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Submitted by
Steve Mercatante
on: Sep 28 2012 - 1:07am

There are few things cooler than a fighter jet. Growing up, I was fascinated by, and proud of, all sorts of things about the US Military but, being a kid, few things drew my attention as did it's fighter jets. And for good reason.

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Submitted by
Steve Mercatante
on: Sep 10 2012 - 9:25pm

In August and September of 1939 Nazi Germany and the Soviet Union invaded Poland and divided up the country between themselves. The Germans quickly went to work murdering tens of thousands of people. Meanwhile, Josef Stalin's Soviet Union more quietly, but still brutally, subjugated its part of the former Polish state. To this day the German atrocities garner the bulk of the attention, and rightly so in many respects.

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Submitted by
Steve Mercatante
on: Sep 2 2012 - 6:58pm

Observed on the first Monday in September, Labor Day is a U.S. Federal holiday honoring the contributions of America's workers. In celebration of Labor Day 2012 we will take a look at one of the biggest and most spectacular industrial efforts in U.S. history: the Willow Run Manufacturing Plant.

During the massive rearmament drive ordered by U.S. President Franklin Delano Roosevelt prior to the U.S.

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Submitted by
Steve Mercatante
on: Aug 16 2012 - 7:37pm

At the storied Powazki Cemetery in Warsaw, Poland (where many of Poland's greatest citizens are buried) a hunt is on for Witold Pilecki; and for others like him believed to have been murdered by Stalin's post Second World War Polish police state and then unceremoniously dumped in unmarked graves.

Though a veteran of the early 1920's war fought between Poland and the Soviet Union, Witold Pilecki remains today best known for his heroism during WWII; when during the 1939-1945 German occupation he

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Submitted by
Steve Mercatante
on: Aug 6 2012 - 3:08pm

Yesterday evening the Cold War Era US Navy Destroyer USS Edson passed through Detroit (picture below) along the Detroit River, the river also separates the US and Canada, on its way to its final berth as a floating museum at the Saginaw Valley Naval Ship Museum. Pulled and pushed by tugs, the Edson left Philadelphia on July 18th on a 2,500 mile journey to its final destination.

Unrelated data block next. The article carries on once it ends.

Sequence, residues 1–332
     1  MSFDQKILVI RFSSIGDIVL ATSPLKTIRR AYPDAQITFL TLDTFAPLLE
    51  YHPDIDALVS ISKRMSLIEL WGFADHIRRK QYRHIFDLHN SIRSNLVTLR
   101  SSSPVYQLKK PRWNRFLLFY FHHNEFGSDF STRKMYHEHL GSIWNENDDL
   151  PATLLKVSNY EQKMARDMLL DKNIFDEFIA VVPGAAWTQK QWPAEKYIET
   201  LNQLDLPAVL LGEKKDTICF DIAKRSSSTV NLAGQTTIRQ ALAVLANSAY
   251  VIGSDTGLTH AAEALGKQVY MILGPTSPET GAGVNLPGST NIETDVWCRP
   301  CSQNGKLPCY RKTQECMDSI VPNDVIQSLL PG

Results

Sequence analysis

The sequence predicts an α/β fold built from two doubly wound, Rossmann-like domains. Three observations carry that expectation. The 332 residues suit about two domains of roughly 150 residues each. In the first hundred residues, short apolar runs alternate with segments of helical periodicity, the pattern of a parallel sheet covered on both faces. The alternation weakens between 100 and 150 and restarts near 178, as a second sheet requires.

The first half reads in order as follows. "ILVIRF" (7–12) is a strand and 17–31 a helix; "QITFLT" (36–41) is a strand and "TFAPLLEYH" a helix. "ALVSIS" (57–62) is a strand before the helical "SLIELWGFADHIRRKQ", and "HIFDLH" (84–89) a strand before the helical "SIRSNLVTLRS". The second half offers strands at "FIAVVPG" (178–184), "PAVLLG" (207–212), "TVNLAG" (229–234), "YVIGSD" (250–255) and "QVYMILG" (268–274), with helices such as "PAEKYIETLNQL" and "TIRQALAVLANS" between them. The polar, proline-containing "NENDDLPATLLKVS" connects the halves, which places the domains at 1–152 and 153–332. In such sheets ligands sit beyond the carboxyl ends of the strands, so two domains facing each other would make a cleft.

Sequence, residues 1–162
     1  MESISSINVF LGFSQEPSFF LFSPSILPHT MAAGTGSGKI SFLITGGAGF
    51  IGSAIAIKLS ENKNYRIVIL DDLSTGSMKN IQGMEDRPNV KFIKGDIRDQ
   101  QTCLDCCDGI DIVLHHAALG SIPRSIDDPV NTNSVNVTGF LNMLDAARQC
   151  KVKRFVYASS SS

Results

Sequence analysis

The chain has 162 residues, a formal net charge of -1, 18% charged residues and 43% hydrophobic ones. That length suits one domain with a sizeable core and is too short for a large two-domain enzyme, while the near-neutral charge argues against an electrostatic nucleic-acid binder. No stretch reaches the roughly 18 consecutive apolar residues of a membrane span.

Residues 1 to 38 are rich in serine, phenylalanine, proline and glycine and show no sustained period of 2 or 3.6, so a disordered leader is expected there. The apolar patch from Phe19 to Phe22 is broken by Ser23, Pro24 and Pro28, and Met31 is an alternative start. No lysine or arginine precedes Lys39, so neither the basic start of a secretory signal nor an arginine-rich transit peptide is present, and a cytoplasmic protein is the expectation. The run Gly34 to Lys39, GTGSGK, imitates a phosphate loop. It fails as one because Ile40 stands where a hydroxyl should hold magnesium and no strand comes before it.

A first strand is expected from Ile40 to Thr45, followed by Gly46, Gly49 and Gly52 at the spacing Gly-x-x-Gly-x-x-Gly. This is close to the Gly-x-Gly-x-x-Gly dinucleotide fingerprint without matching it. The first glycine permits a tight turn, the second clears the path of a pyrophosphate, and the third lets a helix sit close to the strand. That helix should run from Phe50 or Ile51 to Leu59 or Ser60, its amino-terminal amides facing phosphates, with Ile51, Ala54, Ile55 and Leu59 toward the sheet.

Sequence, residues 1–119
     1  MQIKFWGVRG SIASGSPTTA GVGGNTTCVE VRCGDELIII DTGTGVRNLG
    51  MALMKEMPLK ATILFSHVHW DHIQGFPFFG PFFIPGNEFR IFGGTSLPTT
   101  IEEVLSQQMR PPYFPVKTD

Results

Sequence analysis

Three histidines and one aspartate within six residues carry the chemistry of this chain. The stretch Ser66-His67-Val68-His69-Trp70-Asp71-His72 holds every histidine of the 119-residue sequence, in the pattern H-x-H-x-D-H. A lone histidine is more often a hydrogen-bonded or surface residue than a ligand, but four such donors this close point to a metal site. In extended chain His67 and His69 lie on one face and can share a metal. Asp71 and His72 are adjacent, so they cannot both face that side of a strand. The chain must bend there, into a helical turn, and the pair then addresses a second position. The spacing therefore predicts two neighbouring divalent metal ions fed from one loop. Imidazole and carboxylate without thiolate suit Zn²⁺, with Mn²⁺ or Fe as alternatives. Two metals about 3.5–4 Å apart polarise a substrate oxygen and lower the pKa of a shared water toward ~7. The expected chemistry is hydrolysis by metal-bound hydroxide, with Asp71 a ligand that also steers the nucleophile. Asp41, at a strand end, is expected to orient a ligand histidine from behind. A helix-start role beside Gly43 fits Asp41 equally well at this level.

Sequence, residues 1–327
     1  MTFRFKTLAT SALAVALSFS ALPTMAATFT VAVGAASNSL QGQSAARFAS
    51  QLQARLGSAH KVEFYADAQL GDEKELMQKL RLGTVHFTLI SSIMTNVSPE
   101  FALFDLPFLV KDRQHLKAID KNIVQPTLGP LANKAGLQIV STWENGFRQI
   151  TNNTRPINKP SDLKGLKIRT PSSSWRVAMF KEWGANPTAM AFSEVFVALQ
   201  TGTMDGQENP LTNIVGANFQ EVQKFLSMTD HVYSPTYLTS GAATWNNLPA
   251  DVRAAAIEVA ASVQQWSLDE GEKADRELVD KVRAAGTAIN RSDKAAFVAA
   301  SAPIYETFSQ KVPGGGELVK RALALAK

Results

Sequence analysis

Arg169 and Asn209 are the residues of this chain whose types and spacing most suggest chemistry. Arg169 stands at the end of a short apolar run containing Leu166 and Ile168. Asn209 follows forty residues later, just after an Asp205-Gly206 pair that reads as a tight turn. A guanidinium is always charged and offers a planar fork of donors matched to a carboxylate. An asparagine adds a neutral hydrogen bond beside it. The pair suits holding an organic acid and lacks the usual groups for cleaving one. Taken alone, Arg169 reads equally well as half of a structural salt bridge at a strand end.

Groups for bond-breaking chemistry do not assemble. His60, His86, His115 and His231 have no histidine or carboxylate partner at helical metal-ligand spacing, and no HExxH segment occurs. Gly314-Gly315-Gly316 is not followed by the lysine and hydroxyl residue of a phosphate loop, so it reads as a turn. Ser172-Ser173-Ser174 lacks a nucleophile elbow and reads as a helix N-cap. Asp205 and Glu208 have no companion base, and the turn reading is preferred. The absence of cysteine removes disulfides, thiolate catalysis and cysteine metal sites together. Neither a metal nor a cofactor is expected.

Launched in 1958 the Edson is a Forrest-Sherman Class Destroyer that most notably saw extensive service in the South

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Submitted by
Steve Mercatante
on: Aug 2 2012 - 7:18pm

A letter from William Patrick Hitler, he would change his last name following World War II, to U.S. President Franklin Delano Roosevelt has been making the rounds this afternoon. This is mostly because in the letter William Patrick Hitler is practically begging the U.S. President to allow him to enlist and go fight against his Uncle Adolf, yes that Hitler - the Third Reich's infamous Führer.

The letter is reproduced below and it is actually quite eloquent at times.

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Submitted by
Steve Mercatante
on: Jul 30 2012 - 12:06am

World War II era German submarine U-550, a Type IX C-40 U-boat, was found this past week roughly 70 miles off the coast of Nantucket, Massachusetts.  On April 16, 1944 U-550 discovered Allied convoy CU-2, which had departed from New York for the United Kingdom.

Straggling behind the convoy was the massive tanker SS Pan Pennsylvania, which U-550 promptly discovered and torpedoed; causing the tanker to begin to sink. The convoy's escorts, The US Navy's USS Gandy and Coast Guard's USS Joyce and

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Submitted by
Steve Mercatante
on: Jul 26 2012 - 10:53pm

On May 12, 2012 the iconic first step in the Olympics began in Greece at the Temple of Hera in Olympia; with the first leg of the famous torch relay. On Friday, July 27th the world will watch as the final torch bearer completes their run through London, enters the Olympic Stadium, and lights the Olympic flame. However, what many don't know is that this well-regarded tradition actually began in 1936 at the direction of Adolf Hitler's Third Reich on behalf of the Berlin Olympics.

Now there is no

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Submitted by
Steve Mercatante
on: Jul 23 2012 - 8:47pm

Choice Magazine (a publication of the Association for College & Research Libraries, a division of the American Library Association) in its August 2012 issue has just published it's review of Why Germany Nearly Won: A New History of the Second World War in Europe.

Choice praises Why Germany Nearly Won and not only recommends the book for all libraries and levels but states it contains an "an impressive operational overview of Operation Barbarossa and various battles on the Eastern Front, D-Day,

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Submitted by
Steve Mercatante
on: Jul 16 2012 - 5:16pm

The Simon Wiesenthal Centre (an organization dedicated to bringing to justice Nazi officials and collaborators responsible for the Holocaust) confirmed Sunday that it had found in Budapest, Hungary it's top wanted Nazi suspect - Laszlo Csatary. Csatary is said to be responsible for/participated in the deportation of an estimated 15,700 Jews while serving as a senior Hungarian police officer in the Hungarian ruled Slovakian city of Kosice.

An informer paid $25,000 provided the key information

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